2009 Oakland Athletics Preview

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2009 Oakland Athletics Preview
(Photo by Christian Petersen/Getty Images)

Heading into the 2009 baseball season, there may not be a team with more question marks than the Oakland A's.

A team that if all goes well could possibly contend for the American League West crown.  But also, a team where finishing in last place is not completely impossible either.

The oft-injured Athletics roster is starting off the season whistling a familiar tune.  Projected ace Justin Duchscherer is on the shelf already, as is co-closer Joey Devine.  Not to mention that infield mates Mark Ellis and Eric Chavez are both trying to come back from offseason shoulder surgeries.


With Duchscherer beginning the season on the Disabled List instead of at the head of the A's rotation, the A's staff is even younger than originally projected.  But, loaded with talent. 

They will begin the season with rookies Brett Anderson, Trevor Cahill, and Josh Outman all in the starting rotation.  The other two starters completing the rotation are Dallas Braden and Dana Eveland, both only 25. 

Hard to expect good results from such a young pitching staff, however, the A's have done well with young pitching staffs in recent memory.  Haren, Harden, Blanton, Hudson, Mulder, and Zito are all names that ring a bell.

The bullpen added 40-year old veteran Russ Springer into the mix, but the rest of the bullpen has an average age of 26.  Brad Ziegler will hold down the closer's role depending on how the Devine injury unfolds.


The polar opposite of the A's pitching staff would have to be their infield.  Not counting 25 year-old catcher Kurt Suzuki, the rest of the starting infield is all over the age of 30.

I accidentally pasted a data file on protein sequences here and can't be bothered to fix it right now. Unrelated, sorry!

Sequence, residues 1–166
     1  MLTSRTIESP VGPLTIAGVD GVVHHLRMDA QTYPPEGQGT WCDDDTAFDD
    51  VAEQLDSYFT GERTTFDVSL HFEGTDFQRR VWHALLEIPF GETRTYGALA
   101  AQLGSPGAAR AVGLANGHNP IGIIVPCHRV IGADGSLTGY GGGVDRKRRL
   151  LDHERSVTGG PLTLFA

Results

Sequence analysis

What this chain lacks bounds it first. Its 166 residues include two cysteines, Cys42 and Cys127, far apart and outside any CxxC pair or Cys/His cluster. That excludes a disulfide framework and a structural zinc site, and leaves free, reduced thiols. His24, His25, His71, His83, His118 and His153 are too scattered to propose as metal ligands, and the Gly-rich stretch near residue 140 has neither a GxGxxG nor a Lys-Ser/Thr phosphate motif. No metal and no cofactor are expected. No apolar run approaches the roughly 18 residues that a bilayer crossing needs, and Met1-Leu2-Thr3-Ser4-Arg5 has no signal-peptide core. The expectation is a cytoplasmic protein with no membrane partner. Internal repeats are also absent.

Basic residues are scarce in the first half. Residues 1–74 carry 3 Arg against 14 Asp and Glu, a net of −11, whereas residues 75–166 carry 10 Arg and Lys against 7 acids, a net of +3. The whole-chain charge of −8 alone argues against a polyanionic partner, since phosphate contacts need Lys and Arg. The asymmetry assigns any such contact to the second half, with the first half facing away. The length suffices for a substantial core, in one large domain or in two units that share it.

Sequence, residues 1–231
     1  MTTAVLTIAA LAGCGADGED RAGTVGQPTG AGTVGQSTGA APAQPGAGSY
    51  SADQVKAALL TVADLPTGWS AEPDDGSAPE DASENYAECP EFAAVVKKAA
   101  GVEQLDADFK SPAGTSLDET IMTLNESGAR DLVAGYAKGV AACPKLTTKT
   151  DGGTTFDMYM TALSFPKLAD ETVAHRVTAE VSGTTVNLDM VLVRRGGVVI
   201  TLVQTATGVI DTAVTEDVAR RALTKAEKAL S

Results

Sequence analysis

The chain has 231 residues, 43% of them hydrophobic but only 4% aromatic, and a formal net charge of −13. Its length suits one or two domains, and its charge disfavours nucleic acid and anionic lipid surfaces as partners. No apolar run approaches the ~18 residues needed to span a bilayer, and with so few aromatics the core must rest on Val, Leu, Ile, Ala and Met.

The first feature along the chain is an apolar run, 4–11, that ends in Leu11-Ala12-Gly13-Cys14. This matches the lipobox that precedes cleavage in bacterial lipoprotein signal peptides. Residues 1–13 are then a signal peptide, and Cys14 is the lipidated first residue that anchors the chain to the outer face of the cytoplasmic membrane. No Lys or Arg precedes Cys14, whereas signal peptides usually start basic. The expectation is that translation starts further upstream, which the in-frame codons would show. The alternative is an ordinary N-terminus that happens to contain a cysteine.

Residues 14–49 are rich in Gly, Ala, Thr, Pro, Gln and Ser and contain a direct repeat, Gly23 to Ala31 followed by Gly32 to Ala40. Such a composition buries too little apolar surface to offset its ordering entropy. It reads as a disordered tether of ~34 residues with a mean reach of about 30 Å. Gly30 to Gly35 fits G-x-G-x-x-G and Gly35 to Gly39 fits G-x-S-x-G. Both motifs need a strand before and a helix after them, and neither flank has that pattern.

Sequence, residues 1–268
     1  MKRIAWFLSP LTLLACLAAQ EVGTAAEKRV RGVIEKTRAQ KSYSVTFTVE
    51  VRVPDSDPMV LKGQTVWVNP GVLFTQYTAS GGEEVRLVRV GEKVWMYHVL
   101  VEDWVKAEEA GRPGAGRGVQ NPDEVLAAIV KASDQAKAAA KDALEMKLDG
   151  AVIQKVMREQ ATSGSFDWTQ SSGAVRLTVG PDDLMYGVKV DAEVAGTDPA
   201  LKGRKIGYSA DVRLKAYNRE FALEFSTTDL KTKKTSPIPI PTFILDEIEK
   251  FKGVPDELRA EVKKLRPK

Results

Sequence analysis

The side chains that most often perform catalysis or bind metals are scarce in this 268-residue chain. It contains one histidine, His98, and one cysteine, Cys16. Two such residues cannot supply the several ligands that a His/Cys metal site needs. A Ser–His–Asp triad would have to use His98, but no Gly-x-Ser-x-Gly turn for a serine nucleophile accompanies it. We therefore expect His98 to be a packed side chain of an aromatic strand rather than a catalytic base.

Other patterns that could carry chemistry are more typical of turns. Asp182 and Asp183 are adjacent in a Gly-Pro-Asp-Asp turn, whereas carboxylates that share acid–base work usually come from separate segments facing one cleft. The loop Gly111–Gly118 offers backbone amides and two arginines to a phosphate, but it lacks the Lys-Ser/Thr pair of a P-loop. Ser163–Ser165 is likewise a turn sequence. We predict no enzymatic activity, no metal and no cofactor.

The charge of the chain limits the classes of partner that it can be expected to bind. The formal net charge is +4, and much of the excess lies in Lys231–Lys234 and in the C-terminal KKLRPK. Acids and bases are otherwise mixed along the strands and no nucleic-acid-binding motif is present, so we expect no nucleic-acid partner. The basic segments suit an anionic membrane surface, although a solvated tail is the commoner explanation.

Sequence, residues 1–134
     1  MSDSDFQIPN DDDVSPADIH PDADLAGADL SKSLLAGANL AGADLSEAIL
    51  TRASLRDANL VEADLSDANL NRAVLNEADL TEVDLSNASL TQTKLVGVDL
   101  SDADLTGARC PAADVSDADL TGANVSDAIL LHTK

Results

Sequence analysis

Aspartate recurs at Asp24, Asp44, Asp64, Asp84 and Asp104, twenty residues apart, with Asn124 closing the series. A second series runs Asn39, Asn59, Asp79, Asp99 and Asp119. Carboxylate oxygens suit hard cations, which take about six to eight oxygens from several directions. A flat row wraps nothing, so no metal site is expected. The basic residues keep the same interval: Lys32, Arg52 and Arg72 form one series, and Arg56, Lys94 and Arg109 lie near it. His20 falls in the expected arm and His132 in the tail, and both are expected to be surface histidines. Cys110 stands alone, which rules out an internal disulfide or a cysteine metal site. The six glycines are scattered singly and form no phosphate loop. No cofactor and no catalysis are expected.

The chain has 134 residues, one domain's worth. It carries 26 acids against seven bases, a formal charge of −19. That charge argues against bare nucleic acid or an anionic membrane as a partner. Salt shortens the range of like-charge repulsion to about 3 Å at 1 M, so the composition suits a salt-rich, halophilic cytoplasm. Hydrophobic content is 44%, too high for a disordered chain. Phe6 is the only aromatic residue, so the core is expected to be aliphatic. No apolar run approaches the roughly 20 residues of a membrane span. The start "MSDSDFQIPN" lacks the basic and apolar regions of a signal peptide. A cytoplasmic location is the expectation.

New additions Jason Giambi, Orlando Cabrera, and Nomar Garciaparra add some much needed veteran leadership to this team.

If they can remain healthy, the starting infield of Giambi, Mark Ellis, Cabrera, and injury prone Eric Chavez should be very solid.  Bobby Crosby and Nomar Garciaparra will provide quality depth to the infield. 


With the addition of Matt Holliday to an already serviceable outfield, the A's outfield could very well be their biggest asset. 

Ryan Sweeney, who played well last season, will be leading off again this season and manning center field.

Travis Buck, only 25, needs to return to his 2007 form.  He will split time in right field with all or nothing slugger Jack Cust. 

Holliday, needs to prove he can hit somewhere besides Coors Field, and his career numbers show that he is fairly average elsewhere.  But he will still be an upgrade to the middle of their lineup that lacked any pop last season.

Young speedster Rajai Davis rounds out the outfield and will be often used as a pinch runner and late inning defensive replacement.


The A's are a very young team.  The A's are also a very talented team.  If the young pitching staff can hold up, the A's offense should have enough firepower to keep them in contention.

However, if the A's continue to be riddled with injuries, this could quickly turn into a long and miserable season.

General Manager Billy Beane, by adding free agent veterans instead of releasing them, seems to think the A's can make a run at the top of the division this season. 

And, if all the question marks surrounding this team turn out with positive answers, this 2009 A's team can be very good.

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